If you are a serious pro you carry a 70-200 on another body for when the action is on top of you. An alternative is a single sigma 120-300 which is f/2.8 . I can count on one hand the times in the past three months where I said "gee I wish I had a wider angle to capture this game" and I can count on a closed fist the number of times I said 'gee I wish I could stop down to f/4 for this shot," while about a million times I wished for a longer lens, or one with a wider aperture.

    If you use a 400 you learn where to stand to use it properly. IF you are right up on the action and it seems to long, then you are standing in the wrong place. I LOVE the 400 for photo opps on field with notables. While the other photogs are cramming all over them trying to shoot with a 50mm from 15 feet away, I get better shots with more isolation shooting from 55 with the 400. Plus, I don;t have to pile on top of everybody and if anyone gets in my way I can clunk them with my bazooka to make room.

    Finally, on the issue of perception. No offense to 300 users, but everybody, their brother, and their dentist the hobbyist has a 300. Perhaps this is because it is such a perfect focal length or price point. But the perception when you walk on the field with a 400 in comparison is "this guy is a pro". If you plan to try for access to pro events, or want to leave an impression on potential buyers of images, bringin a 400 to the game shows you are serious and will get you more respect, if that matters. I have been offered freelance work on occaision simply because somebody can see that I have invested in the proper tool.


    So, in short, you should specifiy perhaps more what sports uses you intend. Whether it is news related coverage, following your kids, or selling shots to parents of players.

    I have a 400 and a 120-300, come borrow one or both. What I find with the 120-300 is that it is great in concept, but I end up sitting at 300 wishing for more reach all day long, or using it during the day when I can slp on a 2X and have a 240-600/5.6.

    The only sports that required 200mm or less in my opinion are indoor ones, and even then not too often (under the hoop in basketball being the primary example, where Iprefer a 50). Eve nfree throw shots I use 200mm for, and wouldn;t mind 300, despite the fact that I am less than 20 feet away.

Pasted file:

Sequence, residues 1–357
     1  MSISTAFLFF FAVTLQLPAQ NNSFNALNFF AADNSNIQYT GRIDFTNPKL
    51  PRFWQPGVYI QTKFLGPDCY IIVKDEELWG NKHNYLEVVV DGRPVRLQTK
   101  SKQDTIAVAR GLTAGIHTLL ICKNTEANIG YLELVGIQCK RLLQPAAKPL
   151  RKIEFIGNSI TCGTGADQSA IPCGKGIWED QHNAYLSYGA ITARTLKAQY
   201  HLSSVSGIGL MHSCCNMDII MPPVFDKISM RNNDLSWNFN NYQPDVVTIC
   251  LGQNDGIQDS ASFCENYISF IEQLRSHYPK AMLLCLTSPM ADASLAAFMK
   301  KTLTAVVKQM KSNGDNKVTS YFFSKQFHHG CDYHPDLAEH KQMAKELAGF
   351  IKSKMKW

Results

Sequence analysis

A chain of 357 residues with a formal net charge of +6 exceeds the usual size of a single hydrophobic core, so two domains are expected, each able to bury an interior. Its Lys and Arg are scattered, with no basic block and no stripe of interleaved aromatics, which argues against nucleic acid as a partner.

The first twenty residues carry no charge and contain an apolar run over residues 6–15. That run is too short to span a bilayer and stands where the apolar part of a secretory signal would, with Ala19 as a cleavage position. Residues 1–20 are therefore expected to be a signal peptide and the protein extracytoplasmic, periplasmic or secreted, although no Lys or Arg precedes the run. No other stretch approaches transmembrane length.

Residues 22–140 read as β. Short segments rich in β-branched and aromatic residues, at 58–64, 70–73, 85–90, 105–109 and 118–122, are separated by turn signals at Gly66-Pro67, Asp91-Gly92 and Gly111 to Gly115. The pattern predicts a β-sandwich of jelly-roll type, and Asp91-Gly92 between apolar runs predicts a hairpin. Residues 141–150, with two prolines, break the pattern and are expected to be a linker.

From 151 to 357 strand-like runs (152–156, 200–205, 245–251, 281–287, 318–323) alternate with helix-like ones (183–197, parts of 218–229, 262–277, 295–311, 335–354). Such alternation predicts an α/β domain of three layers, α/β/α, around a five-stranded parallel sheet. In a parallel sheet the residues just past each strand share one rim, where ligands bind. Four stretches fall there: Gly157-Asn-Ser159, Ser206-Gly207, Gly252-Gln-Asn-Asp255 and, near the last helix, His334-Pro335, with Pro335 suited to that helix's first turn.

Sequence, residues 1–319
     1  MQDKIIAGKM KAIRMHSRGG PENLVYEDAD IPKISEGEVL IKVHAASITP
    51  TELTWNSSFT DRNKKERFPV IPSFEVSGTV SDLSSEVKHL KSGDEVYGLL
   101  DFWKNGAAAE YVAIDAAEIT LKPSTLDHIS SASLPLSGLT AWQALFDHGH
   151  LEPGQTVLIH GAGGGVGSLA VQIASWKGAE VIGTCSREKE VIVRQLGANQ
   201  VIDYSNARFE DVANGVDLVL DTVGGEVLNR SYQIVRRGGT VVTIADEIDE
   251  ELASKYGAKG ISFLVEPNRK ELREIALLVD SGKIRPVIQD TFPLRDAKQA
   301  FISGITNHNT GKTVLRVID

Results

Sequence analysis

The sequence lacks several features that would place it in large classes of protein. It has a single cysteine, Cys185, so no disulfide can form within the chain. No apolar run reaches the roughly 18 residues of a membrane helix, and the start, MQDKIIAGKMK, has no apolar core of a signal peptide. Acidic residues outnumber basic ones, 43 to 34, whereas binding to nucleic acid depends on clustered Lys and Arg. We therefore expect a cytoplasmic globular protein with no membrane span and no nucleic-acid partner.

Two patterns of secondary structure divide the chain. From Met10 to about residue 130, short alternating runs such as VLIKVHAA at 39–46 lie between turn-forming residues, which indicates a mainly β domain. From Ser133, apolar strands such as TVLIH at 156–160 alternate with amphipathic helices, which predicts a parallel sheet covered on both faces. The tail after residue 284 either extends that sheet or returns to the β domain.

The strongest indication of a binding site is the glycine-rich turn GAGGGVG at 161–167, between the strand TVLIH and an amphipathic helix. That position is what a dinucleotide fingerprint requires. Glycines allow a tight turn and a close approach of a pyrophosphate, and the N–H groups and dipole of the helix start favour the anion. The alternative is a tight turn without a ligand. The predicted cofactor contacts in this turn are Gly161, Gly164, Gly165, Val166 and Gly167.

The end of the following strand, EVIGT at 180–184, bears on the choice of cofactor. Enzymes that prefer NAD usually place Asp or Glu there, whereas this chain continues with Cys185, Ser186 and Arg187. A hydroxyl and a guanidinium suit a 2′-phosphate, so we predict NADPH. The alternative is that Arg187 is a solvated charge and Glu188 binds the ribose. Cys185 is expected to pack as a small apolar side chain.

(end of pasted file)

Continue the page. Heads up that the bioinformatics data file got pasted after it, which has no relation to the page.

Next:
20. Once again guys .... EXCELLENT feedback. And thank you all for all those PMs.

    Let's discuss few more things:

    1. Professional Photography:
    I am not Professional Sport photographer and don't plan to be one. At least for now, I'm sticking with my day job. I really don't want to look at my equipment as potential for future annual income. I treat this as an "expensive" hobby. I did couple weddings, proms, shoot for local animal newspaper, animal magazine but at the same time I'm happy with my day job :)

    2. Re: 300:
    300mm VR or normal version, both are excellent lenses. I see amazing images from Frank and Patrick using f/2.8 and f/4 respectively. Geno showed excellent samples as well. I actually had a pleasure to try Geno's 300VR w/ 1.4TC at the local park and although object wasn't that far, I wasn't satisfied with the length. Most of the pictures needed major cropping even with HSC. I know that we all say that particular lens will be our last one, that is what I said about D70 (*using D2X now), but I'm sure that If I get 500 f/4 that "big boy" will last me for a while. I just don't want to settle for 300mm, use 1.7/2.0, HSC, pay 4000$ and hope that I'm close enough. Thank for tip though.

    3. US vs. Imported
    I wasn't aware of Canon price difference between US vs. Imported but when I checked B&H today..... it almost made me switch the company .... joking !!! Well I'm joking about the switch but did you guys see the prices ?

    Canon Telephoto EF 500mm f/4.0L IS - US $5,499.95
    Canon Telephoto EF 500mm f/4.0L IS - IMPORTED $ 5,299.95

    Are you kidding me ???? $200 difference. What the hell is Nikon thinking ???

    Check this one out:

    Nikon Telephoto AF-S Nikkor 500mm f/4D - US $7,099.95
    Nikon Telephoto AF-S Nikkor 500mm f/4D - IMPORTED $ 5,799.95

    Now ... this is $1,300 difference. For that much I can get 1325Gitzo, Full Head, and sidekick.

    Even if I have problems (*knock on the wood) how much more will I pay to meet that 1300$ difference ?. I'm on my 3rd year with 70-200 and have yet to have any problems.

    Thanks All !!!